Even peace-loving Muslim spokesmen feel obliged to give credence to the perception that their community is being unfairly harassed. It causes some young Muslim men to withdraw further from a British society claimed to be hostile. At best that surrounds the terrorists with a penumbra of disaffected Muslims who may not condemn their crimes or denounce their murderous plots. At worst it enlarges the pool from which new bombers can be recruited.

It is there that Al-Qaeda has scored its greatest success. More significant for the long term than the bombs is the impact that terror has in dividing the groups that make up our society, and in increasing the appeal of militancy to those who can be duped into seeing themselves as repressed.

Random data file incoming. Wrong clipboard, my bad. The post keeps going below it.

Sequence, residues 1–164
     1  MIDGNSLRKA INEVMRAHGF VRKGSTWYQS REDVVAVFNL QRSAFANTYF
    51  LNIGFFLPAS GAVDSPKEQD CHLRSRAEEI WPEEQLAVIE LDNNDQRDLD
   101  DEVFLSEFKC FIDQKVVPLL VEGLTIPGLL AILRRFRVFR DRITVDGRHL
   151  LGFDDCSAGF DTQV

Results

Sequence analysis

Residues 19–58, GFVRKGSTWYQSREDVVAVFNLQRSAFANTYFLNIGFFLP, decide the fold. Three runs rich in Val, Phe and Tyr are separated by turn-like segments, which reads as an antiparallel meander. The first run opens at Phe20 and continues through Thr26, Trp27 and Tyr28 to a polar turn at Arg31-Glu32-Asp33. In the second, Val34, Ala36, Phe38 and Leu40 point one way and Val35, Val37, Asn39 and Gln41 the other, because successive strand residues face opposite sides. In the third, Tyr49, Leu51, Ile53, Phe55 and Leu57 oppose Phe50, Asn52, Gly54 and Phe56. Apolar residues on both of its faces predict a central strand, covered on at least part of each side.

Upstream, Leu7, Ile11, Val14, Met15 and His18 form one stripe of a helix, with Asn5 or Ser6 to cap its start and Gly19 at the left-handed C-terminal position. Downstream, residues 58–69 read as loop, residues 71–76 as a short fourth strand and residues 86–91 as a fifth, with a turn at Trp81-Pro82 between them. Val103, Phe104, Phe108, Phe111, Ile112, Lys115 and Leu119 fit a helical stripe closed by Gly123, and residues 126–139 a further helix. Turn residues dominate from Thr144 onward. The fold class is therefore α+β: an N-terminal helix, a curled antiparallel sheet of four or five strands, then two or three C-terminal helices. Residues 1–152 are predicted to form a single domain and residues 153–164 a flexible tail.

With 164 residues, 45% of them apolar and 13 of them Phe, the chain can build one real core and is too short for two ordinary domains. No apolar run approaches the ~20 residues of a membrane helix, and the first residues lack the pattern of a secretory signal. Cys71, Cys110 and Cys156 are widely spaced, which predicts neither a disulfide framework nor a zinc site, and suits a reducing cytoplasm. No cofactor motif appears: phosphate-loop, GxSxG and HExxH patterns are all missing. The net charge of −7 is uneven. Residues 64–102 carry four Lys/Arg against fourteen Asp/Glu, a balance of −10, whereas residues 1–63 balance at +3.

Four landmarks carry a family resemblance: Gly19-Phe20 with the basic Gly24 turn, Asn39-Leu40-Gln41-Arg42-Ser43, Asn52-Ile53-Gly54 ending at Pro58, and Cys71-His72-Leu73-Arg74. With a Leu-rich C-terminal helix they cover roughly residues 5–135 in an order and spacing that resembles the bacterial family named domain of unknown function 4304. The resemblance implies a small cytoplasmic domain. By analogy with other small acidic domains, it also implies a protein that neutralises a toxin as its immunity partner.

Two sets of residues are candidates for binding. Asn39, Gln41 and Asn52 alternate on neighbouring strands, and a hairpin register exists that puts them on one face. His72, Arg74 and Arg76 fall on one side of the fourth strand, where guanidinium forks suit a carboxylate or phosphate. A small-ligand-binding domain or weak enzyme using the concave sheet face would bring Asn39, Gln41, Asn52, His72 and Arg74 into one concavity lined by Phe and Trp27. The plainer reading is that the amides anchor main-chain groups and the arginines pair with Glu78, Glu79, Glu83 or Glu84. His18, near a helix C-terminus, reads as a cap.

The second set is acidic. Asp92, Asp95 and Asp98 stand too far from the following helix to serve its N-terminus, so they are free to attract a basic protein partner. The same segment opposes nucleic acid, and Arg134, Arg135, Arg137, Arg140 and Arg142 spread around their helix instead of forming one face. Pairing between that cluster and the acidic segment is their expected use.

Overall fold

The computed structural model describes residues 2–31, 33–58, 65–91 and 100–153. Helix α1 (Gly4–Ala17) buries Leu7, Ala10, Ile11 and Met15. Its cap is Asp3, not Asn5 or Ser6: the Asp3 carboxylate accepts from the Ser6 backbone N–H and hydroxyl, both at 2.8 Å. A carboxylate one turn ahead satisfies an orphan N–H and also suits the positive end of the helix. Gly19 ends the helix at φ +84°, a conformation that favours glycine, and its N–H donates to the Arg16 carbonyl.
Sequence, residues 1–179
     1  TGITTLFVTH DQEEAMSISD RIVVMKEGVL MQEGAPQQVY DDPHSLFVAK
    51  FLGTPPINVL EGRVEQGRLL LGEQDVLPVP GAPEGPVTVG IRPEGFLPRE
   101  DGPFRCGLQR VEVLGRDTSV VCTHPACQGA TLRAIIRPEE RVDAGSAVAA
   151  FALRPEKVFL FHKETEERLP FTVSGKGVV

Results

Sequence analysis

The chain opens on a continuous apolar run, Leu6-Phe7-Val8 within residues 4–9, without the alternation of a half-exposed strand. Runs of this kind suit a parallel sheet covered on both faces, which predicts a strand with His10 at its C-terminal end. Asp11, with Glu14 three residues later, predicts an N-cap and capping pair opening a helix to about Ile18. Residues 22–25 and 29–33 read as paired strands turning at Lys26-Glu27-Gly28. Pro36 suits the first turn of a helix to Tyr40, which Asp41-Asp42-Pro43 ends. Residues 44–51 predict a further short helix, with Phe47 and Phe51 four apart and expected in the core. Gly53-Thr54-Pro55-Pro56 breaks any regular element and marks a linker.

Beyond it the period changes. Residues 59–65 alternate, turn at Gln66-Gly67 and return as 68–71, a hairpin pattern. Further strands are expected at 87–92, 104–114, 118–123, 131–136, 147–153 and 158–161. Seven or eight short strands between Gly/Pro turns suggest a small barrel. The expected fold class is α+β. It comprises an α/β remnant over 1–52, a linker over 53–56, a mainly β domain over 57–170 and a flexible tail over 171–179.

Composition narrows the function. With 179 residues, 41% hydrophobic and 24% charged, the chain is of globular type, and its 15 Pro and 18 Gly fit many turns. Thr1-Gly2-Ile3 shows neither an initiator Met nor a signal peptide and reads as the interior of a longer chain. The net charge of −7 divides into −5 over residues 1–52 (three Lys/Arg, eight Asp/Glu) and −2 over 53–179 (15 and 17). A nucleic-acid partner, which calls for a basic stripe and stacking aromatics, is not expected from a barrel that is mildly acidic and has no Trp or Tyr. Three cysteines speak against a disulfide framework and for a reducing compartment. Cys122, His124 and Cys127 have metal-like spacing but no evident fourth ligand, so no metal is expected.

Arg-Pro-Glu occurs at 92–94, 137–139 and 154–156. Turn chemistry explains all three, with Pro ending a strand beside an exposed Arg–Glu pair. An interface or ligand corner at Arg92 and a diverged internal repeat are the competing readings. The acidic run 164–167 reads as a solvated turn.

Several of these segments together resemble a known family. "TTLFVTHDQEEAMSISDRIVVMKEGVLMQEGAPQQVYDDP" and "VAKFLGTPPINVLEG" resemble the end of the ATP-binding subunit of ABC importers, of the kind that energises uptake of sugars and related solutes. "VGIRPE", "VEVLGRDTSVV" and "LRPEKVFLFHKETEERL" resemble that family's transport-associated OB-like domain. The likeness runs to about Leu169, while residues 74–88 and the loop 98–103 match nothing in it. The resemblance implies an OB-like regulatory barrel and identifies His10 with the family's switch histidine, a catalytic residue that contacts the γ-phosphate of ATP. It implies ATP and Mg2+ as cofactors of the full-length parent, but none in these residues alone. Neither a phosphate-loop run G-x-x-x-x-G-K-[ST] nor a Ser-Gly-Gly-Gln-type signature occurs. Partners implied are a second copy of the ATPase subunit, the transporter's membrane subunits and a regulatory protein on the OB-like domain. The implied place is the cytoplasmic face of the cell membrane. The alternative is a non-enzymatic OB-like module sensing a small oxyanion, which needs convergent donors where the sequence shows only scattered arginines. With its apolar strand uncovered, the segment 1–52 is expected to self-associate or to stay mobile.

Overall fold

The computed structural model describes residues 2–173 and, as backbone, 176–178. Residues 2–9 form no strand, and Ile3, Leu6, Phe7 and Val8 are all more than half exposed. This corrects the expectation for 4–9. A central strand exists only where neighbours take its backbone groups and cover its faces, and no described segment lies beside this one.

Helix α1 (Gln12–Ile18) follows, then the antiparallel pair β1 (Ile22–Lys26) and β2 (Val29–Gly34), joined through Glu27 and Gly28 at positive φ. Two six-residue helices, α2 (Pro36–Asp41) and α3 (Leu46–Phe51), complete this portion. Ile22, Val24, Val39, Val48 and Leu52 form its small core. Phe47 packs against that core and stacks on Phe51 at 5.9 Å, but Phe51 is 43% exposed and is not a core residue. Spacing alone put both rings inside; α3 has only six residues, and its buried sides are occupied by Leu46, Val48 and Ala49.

Muslim complaints about being victimised are perversely directed. Muslims are victims of the bombers, not of the state or the police. It is the terrorists who make Muslims potential objects of suspicion and fear because the bombers murder in the name of Islam. Muslims have every right to be outraged, but their fury should focus on the men of violence. The police action in Forest Gate was cack-handed and the shooting of one of the “suspects” was indefensible. But given the profile of the terrorists, Muslims are bound to be more affected. By analogy, when police are looking for a rapist they interview males without anyone believing them to be institutional men haters.

There are those who in the interests of community relations denounce linking the word Islamic to “violence” or “extremism”. They object that we did not call the IRA “Catholic terrorists”, nor do we speak of “Christian extremism” or link Christian fundamentalism to violence.